The three founders of the so-called “mini-Schengen” in the Western Balkans, Albania, North Macedonia and Serbia, urged their neighbours to join the initiative during the European Bank for Reconstruction and Development’s Western Balkans Investment Summit in London on February 24.
The leaders of the three founding countries agreed on concrete steps to eliminate obstacles to the free movement of people, goods, services and capital in November, with the final aim of securing EU membership.
Among these are an agreement to allow free travel between the countries only using an ID card, and a common work permit that would allow people to work in all three countries. The free and fast movement of goods will be encouraged by the introduction of a 24-hour working time for all inspection services with a focus on phytosanitary and veterinary inspection.
However, so far the remaining three aspiring EU members from the Western Balkans region have been reluctant to join.
Speaking at the London summit, Serbian Prime Minister Ana Brnabic said she hoped the rest of the region would join soon.
The initiative is “really something that can in the most tangible possible way contribute to us being presented as a united market and also offers a very different future to youth from the Balkans,” Brnabic said.
Edi Rama, the prime minister of Albania, which, along with North Macedonia, was denied the chance to start EU accession negotiations in October, talked of the need to act rather than waiting for the EU to “do things for us”.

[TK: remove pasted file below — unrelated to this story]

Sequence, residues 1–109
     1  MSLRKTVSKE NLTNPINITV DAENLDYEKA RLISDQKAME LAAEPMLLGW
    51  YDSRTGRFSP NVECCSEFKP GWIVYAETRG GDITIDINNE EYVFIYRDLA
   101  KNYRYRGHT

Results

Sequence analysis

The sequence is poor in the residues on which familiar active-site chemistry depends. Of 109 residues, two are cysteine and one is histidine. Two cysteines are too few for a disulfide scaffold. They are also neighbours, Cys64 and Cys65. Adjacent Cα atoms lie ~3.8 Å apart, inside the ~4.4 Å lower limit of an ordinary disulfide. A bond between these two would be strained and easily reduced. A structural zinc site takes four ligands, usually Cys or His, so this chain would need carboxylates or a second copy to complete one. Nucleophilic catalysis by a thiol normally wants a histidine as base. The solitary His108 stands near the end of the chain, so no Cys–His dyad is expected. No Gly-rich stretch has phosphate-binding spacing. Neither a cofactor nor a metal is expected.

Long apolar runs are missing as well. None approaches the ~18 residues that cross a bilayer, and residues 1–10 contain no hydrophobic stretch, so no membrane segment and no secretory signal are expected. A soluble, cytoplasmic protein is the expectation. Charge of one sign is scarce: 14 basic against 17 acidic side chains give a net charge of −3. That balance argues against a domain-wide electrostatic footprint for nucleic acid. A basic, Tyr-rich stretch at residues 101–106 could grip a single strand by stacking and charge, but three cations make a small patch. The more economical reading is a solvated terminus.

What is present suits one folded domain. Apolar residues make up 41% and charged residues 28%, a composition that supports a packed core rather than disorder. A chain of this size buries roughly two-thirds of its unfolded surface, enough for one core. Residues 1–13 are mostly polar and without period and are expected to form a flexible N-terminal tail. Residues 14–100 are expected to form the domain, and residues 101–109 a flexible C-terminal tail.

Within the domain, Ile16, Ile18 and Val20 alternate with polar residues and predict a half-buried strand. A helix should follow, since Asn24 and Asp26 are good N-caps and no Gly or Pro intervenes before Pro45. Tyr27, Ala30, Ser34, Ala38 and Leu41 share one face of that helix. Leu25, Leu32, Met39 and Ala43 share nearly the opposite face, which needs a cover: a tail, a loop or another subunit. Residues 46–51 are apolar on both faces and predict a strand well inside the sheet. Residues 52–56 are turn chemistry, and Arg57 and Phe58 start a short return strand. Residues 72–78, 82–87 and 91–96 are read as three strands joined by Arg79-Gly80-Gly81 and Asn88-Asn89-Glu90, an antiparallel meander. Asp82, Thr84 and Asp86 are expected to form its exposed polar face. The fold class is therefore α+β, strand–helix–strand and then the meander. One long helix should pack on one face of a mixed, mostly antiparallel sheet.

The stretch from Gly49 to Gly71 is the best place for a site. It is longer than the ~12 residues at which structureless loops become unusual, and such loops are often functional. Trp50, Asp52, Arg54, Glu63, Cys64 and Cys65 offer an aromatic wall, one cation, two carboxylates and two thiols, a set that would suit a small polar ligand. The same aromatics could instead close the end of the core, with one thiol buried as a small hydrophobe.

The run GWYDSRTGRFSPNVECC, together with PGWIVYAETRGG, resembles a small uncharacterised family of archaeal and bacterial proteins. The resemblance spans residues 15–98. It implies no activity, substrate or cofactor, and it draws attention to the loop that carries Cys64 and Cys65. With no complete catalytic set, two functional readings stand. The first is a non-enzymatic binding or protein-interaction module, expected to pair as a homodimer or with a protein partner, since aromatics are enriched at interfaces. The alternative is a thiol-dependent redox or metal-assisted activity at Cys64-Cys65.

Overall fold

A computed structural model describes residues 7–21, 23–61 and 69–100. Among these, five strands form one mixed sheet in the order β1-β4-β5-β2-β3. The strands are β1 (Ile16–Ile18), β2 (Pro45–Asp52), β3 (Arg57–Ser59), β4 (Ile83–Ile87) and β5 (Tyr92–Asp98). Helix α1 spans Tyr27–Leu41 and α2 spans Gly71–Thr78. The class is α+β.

“We are aware that the EU is in a phase of internal discussions and has to deal with a lot of dynamics and frustrations. At the same time we have to understand that so many things are in our hands today that were not yesterday,” he said, also stressing that “we have to understand that we are very small markets.”
“We have to change the paradigm for next generation, fight for foreign investment … we can’t wait to join the EU to get a bigger space of opportunities. If we are able to open our borders as soon as possible for people, goods and services … we can say here is a much bigger market than when every country is separated from each other.”
On a similar theme, North Macedonia’s interim Prime Minister Oliver Spasovski talked of the need to empower the region though regional cooperation. “Mini-Schengen is a good opportunity to open perspectives for our region all the way to actual membership of the EU,” he said.
However, observers from outside the region have been more cautious on the creation of the “mini-Schengen”, not least because of the previous initiatives to achieve the same goals.
“I can only hope the Western Balkans will be increasingly viewed as single market, it is not yet. There was a regional initiative announced three years ago for the creation of a regional economic area, and countries in the region are also members of [the Central Europe Free Trade Agreement] CEFTA, but it is high time there was a reinvigorated effort,” said Zsuzsanna Hargitai the EBRD’s director for the Western Balkans, in an interview with bne IntelliNews ahead of the summit.
“Most importantly there simply needs to be an implementation of the free trade agreement and the understandings the six countries made under the regional economic area. Now is the time to have another look at it, because it’s now hurting the economies.” Commenting specifically on the “mini-Schengen” regional economic area, Hargitai pointed to two main positives: the ownership of these countries, and that they are looking at very pragmatic steps to implement it.
“However, we are one of many who say they should make it inclusive,” she added. “In addition, while it is excellent they agreed to apply the highest standard among the three countries, for example on phytosanitary standards, are these the standards they already committed to under the regional economic area? Let’s have a higher aspiration and not undermine the commitments already undertaken.”